PhD Scholarship: Airborne microplastics in a changing climate, University of Canterbury, New Zealand

Microplastics - fragments of plastic smaller than 5 mm - have long been recognized as contaminants in the world's oceans and rivers. In recent years, they have been detected in the atmosphere in a range of urban and remote locations[1]. Being small and of low density, microplastics are transported by winds around the Earth. By absorbing and scattering light, they also play a role in direct radiative processes, thus contributing to climate change[2]. Since the amount of plastic accumulated in landfills and the natural environment is projected to double over the next 30 years, airborne microplastic pollution and associate climate impacts are set to increase.

This project will explore the role of airborne microplastics in a changing climate. We have recently implemented microplastics as a class of atmospheric aerosol into a global climate model. This project will involve running model simulations to explore the possible range of microplastic radiative forcing and associated climate impacts under different scenarios. Opportunities to participate in field and lab work may also arise.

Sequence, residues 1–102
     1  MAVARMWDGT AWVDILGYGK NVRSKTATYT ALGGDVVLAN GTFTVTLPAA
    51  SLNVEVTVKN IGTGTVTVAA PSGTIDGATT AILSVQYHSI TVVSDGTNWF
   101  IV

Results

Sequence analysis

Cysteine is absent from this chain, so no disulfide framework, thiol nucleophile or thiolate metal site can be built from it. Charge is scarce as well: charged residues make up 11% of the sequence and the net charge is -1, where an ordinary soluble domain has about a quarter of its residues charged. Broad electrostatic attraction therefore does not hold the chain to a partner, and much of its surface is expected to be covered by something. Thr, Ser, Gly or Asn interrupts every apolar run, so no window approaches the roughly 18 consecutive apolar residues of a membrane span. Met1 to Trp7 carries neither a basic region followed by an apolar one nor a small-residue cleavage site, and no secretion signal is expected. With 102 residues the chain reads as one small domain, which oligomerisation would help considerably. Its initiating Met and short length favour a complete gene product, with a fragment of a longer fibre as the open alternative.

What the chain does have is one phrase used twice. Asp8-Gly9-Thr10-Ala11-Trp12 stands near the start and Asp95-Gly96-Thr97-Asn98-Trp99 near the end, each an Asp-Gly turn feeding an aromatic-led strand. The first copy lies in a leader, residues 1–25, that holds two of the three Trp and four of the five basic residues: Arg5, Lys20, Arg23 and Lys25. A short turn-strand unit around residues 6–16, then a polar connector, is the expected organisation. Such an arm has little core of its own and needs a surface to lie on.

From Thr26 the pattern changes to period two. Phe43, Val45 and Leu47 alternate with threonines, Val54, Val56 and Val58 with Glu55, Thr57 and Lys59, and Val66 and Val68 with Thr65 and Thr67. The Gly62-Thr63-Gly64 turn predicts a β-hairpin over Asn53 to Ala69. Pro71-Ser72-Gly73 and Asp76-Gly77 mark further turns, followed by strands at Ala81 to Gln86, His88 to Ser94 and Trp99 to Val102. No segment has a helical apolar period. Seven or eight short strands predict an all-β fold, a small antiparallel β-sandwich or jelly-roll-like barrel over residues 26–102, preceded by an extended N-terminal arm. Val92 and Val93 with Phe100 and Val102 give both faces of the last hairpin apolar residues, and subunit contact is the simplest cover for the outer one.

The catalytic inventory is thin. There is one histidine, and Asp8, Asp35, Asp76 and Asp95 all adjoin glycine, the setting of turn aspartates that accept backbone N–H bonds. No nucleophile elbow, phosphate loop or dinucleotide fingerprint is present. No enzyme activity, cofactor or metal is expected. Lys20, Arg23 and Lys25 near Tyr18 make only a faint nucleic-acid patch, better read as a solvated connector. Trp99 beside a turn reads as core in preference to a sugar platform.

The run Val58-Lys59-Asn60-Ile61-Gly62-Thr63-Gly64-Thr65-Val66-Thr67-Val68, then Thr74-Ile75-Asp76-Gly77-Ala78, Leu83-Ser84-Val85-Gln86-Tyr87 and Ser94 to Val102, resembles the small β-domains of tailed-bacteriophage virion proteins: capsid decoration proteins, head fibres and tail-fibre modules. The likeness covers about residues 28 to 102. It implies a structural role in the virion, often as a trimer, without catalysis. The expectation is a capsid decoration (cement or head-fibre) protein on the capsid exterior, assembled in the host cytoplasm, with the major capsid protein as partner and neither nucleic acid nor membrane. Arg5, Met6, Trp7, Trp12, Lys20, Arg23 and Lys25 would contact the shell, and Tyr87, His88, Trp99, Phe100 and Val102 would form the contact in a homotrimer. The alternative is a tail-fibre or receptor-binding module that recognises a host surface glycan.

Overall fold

The successful candidate will have a strong background in programming (e.g. Python, Fortran and working in a High Performance Computing environment), and a Masters degree (or equivalent) in physics, chemistry, environmental science or a related discipline. Expertise in atmospheric and/or optical physics is desirable. Strong written and verbal communication skills in English are essential.

The studentship is fully funded for three years (including fees) and will offer opportunities for travel. The successful candidate will be based in the School of Physical and Chemical Sciences at the University of Canterbury in Christchurch, New Zealand. We offer a vibrant, friendly and supportive research environment and are housed in a brand-new purpose-built research facility. The project will be supervised by Associate Professor Laura Revell (https://laurarevell.org/).

To apply, please first check your eligibility for PhD study at the University of Canterbury (https://www.canterbury.ac.nz/study/qualifications-and-courses/phds-and-doctoral-degrees/doctor-of-philosophy/).

Applications should include a cover letter, CV, contact details of two referees, academic transcript and evidence of proficiency in English (if applicable; see https://www.canterbury.ac.nz/enrol/international/english/).

Enquiries and applications to: Dr Laura Revell (laura.revell@canterbury.ac.nz)

Closing date: 17 July 2022
Value: $28 000 per annum, plus tuition fees covered.
Tenure: 3 years

References

  1. The atmospheric cycle of micro(nano)plastics in the marine environment, D. Allen, S. Allen et al., Nature Reviews Earth & Environment 2022, 10.1038/s43017-022-00292-x.
  2. Direct radiative effects of airborne microplastics, L. Revell, P. Kuma, E. Le Ru, W. Somerville and S. Gaw, Nature 2021, 598(7881): 462-467.

posted: 23 June 2022     Please mention EARTHWORKS when responding to this advertisement.